Following an unexpectedly successful debut album, driven by the hit single "Ain't No Future in Yo' Frontin'," that made him one of the -- if not the -- Midwest's first rap superstars, MC Breed went gangsta for his second album. Blame N.W.A. and the rest of the West Coast, which was on the rise in a major way at the time, if you want, but Breed definitely abandoned much of the open-minded, East-crossed-with-West style that characterized his unique debut album and adopted an Ice Cube-like posture for 20 Below. Gone were the Public Enemy samples of his debut album and in were more of the P-Funk-influenced motifs that made "Ain't No Future in Yo' Frontin'" such a popular song. Many of his fans were disappointed, and rightfully so. Where Breed had been quite socially conscious in a positive way on his debut, showing more than a little Chuck D influence, he is socially conscious in a negative way here, being more exploitative than passionate. Many, particularly his Midwest and East Coast fans, saw through his facade and accused him of trying to cash in on the West Coast trend that had been ignited a year before largely by N.W.A.'s Niggaz4life and Ice Cube's Death Certificate, two extremely successful albums that hit number one and number two, respectively, on Billboard's pop charts. It's perhaps no surprise that 20 Below would subsequently become Breed's least-remembered album; however, a year later he would more successfully cash in on the West Coast trend sweeping the rap world with his The New Breed album, where he worked with songwriter/producer D.O.C. and had a hit single with 2 Pac, "Gotta Get Mine."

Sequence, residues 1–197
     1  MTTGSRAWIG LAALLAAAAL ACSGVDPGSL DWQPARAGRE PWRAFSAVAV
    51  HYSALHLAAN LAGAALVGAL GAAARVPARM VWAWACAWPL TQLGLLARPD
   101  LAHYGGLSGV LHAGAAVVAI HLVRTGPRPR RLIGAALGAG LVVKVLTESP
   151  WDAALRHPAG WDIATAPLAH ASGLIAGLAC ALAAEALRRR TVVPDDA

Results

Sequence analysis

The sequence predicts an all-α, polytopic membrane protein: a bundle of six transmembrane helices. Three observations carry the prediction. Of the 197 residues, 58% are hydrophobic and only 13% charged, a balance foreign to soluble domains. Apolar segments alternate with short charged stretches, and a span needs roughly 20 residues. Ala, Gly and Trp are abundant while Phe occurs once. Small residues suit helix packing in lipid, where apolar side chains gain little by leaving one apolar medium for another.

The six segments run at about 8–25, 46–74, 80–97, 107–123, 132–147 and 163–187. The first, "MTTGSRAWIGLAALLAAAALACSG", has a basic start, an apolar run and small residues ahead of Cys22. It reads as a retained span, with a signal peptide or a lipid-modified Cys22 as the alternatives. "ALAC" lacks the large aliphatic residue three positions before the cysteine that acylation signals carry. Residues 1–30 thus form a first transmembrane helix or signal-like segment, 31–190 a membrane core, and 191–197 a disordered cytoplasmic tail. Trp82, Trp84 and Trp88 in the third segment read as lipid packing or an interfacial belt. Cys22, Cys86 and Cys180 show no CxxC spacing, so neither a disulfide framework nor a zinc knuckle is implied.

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AllMusic Review by Jason Birchmeier